Amarillo economist Carr Ingham says interest rates remain the root of many ills in the local economy, making home, car and other purchases less attractive and putting a wet blanket on the Greater Waco economic index.
“Spending is expected to decline in 2023, both in terms of general spending, as reflected by metro area sales tax receipts, and big-ticket auto spending,” Ingham said in his July report. “There is also a decline in hotel/motel activity. Construction has moderated after a massive and record start to the year, while home construction remains at a low for the year despite permits in July being higher than year-ago levels.
These factors combined meant the GWEI declined for the sixth consecutive month in July, falling to 151.0 from a revised 151.3 in June, said Ingham, who compiles the index using data dating back to the year 2000. The First National Bank of Central Texas and the Tribune-Herald sponsor his work.
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“Having interest rates in a better position will put us back on the path to growth,” said Chris Collins, chief industry recruiter for the Greater Waco Chamber of Commerce. He presented the July findings to business leaders on Thursday.
Despite the dire statistics, Collins said the risk of a recession has diminished, and Texas may be better able to withstand the shock than many areas.
“We’re usually last in, first out because of our diverse economy,” said Collins, who spiced up his GWEI discussion with improved economic growth news.
Building permits issued for large projects such as the new Baylor University basketball arena on the west shore of Lake Brazos, near Interstate 35, have contributed significantly to the value of non-residential building permits through 2023. The total value of the permits is $943 million. However, it declined to $69 million in July compared to $110 million in July last year.
But Collins said she sees better days after the July decline. For example, he noted the $1 billion high-tech paperboard recycling mill Atlanta-based Graphic Packaging is building locally. The company has secured permits for small structures onsite, but large-scale work is still pending. GlobalData, an online source of business news, recently reported that Graphic Packaging CEO Mike Doss visited the Waco site to attend the formal signing of the first of 2,600 pieces of structural steel to be hung there.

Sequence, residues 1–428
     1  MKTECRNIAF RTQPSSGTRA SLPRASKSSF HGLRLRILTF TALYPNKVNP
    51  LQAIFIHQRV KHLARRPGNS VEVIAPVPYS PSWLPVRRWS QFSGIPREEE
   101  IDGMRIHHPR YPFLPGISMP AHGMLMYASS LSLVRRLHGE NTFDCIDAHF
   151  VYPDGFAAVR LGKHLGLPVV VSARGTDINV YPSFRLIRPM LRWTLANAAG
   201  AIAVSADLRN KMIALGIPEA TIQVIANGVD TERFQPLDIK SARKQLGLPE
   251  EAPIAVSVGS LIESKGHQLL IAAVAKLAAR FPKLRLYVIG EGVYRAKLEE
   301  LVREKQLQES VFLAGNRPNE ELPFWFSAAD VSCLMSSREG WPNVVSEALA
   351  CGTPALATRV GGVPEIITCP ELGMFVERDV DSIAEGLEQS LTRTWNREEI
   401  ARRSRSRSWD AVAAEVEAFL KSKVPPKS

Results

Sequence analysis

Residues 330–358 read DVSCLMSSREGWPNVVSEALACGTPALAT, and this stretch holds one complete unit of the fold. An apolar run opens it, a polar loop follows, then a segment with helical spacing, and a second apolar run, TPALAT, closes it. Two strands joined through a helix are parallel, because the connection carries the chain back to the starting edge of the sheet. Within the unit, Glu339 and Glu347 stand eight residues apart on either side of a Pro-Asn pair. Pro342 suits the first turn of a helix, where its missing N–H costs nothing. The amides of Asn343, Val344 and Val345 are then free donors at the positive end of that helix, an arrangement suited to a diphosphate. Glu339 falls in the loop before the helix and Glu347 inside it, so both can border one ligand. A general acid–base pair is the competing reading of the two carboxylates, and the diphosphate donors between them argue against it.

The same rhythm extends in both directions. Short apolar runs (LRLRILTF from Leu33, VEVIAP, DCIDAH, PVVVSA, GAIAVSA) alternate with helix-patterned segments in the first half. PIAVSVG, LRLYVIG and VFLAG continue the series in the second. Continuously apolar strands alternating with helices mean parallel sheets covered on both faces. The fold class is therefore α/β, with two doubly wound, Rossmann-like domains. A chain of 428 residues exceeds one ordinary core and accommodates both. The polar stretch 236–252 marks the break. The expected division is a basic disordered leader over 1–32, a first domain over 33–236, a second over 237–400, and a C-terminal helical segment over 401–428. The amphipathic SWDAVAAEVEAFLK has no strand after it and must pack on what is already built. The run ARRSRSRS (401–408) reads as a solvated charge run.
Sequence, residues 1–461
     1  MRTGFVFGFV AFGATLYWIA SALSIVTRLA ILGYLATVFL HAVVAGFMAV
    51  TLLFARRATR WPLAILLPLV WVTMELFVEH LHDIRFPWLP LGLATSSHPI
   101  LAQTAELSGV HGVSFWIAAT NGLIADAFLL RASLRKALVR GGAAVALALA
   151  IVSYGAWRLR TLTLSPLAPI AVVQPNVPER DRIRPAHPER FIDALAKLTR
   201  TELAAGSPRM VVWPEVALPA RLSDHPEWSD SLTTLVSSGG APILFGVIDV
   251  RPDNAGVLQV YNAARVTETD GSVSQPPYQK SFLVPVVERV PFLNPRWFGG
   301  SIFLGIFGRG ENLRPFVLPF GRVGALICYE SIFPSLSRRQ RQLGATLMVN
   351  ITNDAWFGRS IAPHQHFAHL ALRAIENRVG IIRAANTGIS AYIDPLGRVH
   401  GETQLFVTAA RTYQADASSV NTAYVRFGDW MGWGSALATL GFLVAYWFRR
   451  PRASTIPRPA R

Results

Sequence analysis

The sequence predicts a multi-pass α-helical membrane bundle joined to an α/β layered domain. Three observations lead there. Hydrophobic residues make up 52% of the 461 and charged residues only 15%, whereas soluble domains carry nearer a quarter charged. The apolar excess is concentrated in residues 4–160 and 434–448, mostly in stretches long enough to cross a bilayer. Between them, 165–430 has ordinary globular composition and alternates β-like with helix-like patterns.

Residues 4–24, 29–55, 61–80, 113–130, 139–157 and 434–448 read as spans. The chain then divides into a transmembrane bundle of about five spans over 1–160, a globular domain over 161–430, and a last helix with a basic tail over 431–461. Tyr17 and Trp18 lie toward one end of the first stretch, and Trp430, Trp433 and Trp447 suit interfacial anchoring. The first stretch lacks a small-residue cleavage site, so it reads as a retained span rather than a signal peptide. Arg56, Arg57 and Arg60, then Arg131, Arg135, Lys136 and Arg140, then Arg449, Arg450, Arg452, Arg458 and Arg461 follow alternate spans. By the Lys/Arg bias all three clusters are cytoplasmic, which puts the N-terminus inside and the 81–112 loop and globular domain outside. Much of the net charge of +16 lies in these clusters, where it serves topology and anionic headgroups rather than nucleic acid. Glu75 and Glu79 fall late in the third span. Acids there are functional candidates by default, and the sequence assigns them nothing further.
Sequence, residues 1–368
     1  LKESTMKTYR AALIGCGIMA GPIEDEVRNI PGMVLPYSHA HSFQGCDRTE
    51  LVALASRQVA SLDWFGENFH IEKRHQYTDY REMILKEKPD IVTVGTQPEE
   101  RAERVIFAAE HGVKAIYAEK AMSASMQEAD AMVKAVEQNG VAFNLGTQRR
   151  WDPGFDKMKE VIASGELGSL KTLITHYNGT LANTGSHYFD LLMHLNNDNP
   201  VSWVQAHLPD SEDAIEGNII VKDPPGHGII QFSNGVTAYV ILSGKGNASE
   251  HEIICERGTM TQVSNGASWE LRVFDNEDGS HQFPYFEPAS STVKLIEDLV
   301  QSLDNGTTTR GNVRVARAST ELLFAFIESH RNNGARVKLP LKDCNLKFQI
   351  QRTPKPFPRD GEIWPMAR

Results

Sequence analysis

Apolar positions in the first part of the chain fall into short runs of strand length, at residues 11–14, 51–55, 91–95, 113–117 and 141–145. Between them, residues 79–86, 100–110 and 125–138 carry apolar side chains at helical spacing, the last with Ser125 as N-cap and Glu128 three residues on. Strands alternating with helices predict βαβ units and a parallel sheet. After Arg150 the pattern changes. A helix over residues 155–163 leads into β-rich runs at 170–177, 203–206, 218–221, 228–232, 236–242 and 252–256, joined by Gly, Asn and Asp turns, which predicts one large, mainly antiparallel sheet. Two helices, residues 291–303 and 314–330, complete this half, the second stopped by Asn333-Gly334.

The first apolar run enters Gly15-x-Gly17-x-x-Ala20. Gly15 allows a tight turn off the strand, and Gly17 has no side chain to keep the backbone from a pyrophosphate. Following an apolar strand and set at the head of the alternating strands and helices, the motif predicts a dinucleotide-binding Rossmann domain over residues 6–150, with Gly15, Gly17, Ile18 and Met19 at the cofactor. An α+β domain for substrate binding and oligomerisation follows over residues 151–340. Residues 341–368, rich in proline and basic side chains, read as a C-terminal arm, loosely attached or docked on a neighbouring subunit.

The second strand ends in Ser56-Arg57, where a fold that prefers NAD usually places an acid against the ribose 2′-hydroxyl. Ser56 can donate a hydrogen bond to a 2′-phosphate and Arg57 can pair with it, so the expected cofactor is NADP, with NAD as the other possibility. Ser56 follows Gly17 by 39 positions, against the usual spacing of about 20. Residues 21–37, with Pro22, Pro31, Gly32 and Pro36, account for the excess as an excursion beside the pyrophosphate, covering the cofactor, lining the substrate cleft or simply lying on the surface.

He also said New York-based BrightFarms will invest $180 million in hydroponic greenhouses in Lorena, where it will grow lettuce for shipment to grocery stores and other users. It will reportedly employ 60 people at each of four greenhouses occupying about 100 acres of land near Interstate 35.
Additionally, Collins said EstonJohnson, a global textile manufacturer, has begun operations at its new 220,000-square-foot “nonwovens” plant near Texas State Technical College. The highly automated, $40 million plant will produce two product lines, Collins said, adding that employees are well paid and typically work five 12-hour shifts weekly, allowing a lot of Overtime is accrued.
The housing industry in Greater Waco remains challenging. As of July the city had issued 311 permits to build new homes, a 33% decline from 467 as of July last year. Existing home sales reached 1,688 by July, down nearly 20% from 2,107 by July last year.
“We’re seeing more price reductions, and some builders are selling off their higher-end lots because they can’t sell them,” said Jenny McCaslin, an agent with White Label Realty Co. The “sweet spot,” accounts for half of total sales.
“High-end homes are not selling,” McCaslin said. “People are less willing to give up the 3% interest rates they now get on their homes in order to buy another home at double that rate or more.”
Worth noting, Ingham said, is that the median home sales price in July was $331,324, about 6% higher than the $311,920 benchmark a year earlier.
“The median price is also increasing, providing further support for the conclusion that housing prices are still rising,” Ingham said.
July marks the 14th consecutive month that existing home sales have declined year-over-year. But Ingham said this downturn should be kept in perspective, noting that “the Waco area housing market has been on a tremendous boom for the last 12 years,” so this year’s decline may look worse in comparison.
Meanwhile, retail spending reached $3.087 billion by July, a slight increase from $3.085 billion in the same month last year.
Spending on vehicles began to decline in 2022 and has continued to decline, while hotel/motel activity “was on an absolute decline post-COVID, setting new records in each of 2021 and 2022,” Ingham said. But it has fallen slightly this year, to about 4.3%, after that “stratospheric growth.”
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